Given yesterday’s article I posted, I am taking this Tourist Tuesday in a different direction. There are many articles globally about how other tourist areas world-wide are dealing with this issue, and many are imposing a special tax, but today, I want to focus on the local organization that already HAS received the revenues from such a tax, the Tourist Improvement District (TID) tax, for which they are receiving approximately 4.6 million dollars a year. How are they spending that money? Primarily on advertising and salaries, per the budget they have laid out. They have added their Sustainable Moments campaign as their ad campaign for sustainable tourism, but are they walking the walk or just talking the talk? We need to ask them and Monterey County, and ask them to demonstrate in specifics, how this Sustainable Tourism campaign is helping and what more they could be doing to lessen the impacts on the county and specifically Big Sur. What data, and how collected, do they have to support this new tax for the “improvement” of the tourist industry? How is “improvement” measured, and what data will they collect?
Tammy recently attended a conference in Canada where she spoke on this Sustainable Moments Campaign. She is quote as saying: “Everyone needs to work together when it comes to balancing demands of a growing tourism sector with environmental stewardship,” the president of the Monterey Country Convention and Visitors Bureau said in Victoria on Tuesday.
“Unless visitor education is evangelized by local residents and business and government, it won’t get the traction it needs,” said Tammy Blount-Canavan.
Tammy has been included in all of the discussions CABS (formerly CPOA) has had with the informal formulating committee for a Sustainable Destination Management Plan. I have also attended all of those meetings, as have representatives for residents, businesses, county, state, and federal governments.
Later in this same article, she also is quoted as saying: “Monterey County was hit by a massive wildfire in 2016 and by subsequent landslides. One destroyed a key bridge (which was rebuilt) used by motorists heading south to Big Sur.
When it became known that the fire was started by an illegal campfire, tempers rose. It MAY HAVE BEEN A LOCAL who was responsible, but the fire became a platform for anti-tourism groups to criticize visitors, Blount-Canavan said. The tourism group entered into a dialogue with community associations and other organizations, which has continued and expanded.”
For the rest of the article go to this link: https://www.timescolonist.com/business/encouraging-tourists-to-behave-when-they-visit-sensitive-sites-1.23609076
I am unclear about where the quote in red, specifically, “It may have been a local who was responsible”, comes from, as I had always heard it was a camp fire which implies camping and visitors. Why would a local have a campfire out on a hiking trail? I would like to see where she got the idea that it might have been a local. And frankly, I also am completely unaware that this fire sparked the “anti-tourism” rhetoric. The community was raw after the fire, and then the bridge collapse. We were not allowed to heal before the community was subjected to the increasing onslaught. I don’t think Tammy understands this community. Overtourism is destroying the environment and our community and our infrastructure. She is right that we all must work together to make this place a sustainable destination, including WITH MCCVB and not against them. If we cannot get the organization who is one of those that seek to draw people here to understand this environment, the community, and its motivations, what chance do we have of getting the general tourist to understand?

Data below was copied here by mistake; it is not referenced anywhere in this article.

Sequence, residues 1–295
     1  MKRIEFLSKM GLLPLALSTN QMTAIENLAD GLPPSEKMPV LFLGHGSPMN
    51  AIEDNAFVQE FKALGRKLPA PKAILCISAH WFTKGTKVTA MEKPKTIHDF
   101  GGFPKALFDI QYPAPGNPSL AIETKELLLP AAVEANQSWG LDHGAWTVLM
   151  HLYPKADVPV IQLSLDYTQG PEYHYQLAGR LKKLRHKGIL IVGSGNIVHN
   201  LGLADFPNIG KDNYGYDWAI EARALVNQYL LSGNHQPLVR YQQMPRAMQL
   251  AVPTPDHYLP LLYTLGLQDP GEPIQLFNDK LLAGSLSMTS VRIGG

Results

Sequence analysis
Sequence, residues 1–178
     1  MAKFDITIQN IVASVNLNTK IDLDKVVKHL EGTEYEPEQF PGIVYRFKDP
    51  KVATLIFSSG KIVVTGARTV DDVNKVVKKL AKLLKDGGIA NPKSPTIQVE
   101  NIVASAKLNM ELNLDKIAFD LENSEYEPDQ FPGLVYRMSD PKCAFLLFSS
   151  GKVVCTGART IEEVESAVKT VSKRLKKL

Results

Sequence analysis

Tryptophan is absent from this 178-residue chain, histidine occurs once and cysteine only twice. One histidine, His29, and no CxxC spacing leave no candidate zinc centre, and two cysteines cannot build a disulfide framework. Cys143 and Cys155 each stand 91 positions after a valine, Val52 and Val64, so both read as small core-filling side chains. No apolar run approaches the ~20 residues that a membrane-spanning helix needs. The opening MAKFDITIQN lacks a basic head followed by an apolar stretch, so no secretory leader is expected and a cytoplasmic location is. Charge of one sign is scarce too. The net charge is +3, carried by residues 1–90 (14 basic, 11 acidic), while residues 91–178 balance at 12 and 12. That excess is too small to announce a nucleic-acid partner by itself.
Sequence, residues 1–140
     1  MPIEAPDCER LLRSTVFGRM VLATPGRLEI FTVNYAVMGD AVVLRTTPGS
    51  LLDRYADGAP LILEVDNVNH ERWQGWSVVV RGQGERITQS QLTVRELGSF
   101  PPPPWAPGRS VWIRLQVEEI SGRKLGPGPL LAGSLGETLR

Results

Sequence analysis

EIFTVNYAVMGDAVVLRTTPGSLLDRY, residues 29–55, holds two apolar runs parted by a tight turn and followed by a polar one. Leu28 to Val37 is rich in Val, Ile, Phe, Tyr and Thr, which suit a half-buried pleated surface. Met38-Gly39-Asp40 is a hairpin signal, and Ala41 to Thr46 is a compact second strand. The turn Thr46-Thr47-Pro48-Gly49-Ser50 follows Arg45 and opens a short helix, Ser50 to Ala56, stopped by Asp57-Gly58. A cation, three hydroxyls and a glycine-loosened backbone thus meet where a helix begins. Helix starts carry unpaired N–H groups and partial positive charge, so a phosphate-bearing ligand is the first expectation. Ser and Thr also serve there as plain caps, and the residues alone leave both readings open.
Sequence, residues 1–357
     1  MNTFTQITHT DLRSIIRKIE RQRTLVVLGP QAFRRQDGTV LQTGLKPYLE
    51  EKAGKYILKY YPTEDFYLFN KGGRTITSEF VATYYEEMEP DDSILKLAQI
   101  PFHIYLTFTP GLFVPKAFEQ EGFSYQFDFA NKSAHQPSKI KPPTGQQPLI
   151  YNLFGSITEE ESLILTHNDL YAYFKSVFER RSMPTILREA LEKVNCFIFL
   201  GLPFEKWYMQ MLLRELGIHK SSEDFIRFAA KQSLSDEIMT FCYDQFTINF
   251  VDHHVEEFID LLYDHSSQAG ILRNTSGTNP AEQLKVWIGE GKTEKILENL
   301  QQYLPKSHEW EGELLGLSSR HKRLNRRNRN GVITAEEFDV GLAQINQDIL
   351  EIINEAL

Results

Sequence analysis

One way for MCCVB to work with the local residents, businesses, and government , which dove-tails into the article I wrote yesterday, is to finance some of the projects I suggest – data collection, lobbying Sacramento, the Coastal Commission, supporting our Big Sur Pledge drive with money for T-Shirts, bumper stickers, advertisement etc. with some of the 4.6 million dollars a year it collects from hotels in Big Sur, Monterey, Carmel, and others? How about making the Big Sur Pledge and its core beliefs the foundation for your Sustainable Moments campaign?
Or how about this idea? How about helping to finance the creation of a Special Improvement District for Big Sur which would allow it to have more control over the protection of Big Sur by collecting taxes required to go back into improving our infrastructure, enforcement and destination management? You created the Tourist Improvement District, you could help us create the Big Sur Improvement District.
If MCCVB really wants to keep our tourism sustainable, don’t just advertise or talk about it, do it – take action. Everyone wants to make money off of Big Sur but no one wants to provide money to Big Sur to tackle the issues it faces – put money back into the environment and community and infrastructure that is most impacted. Who will be first to give some of that money back?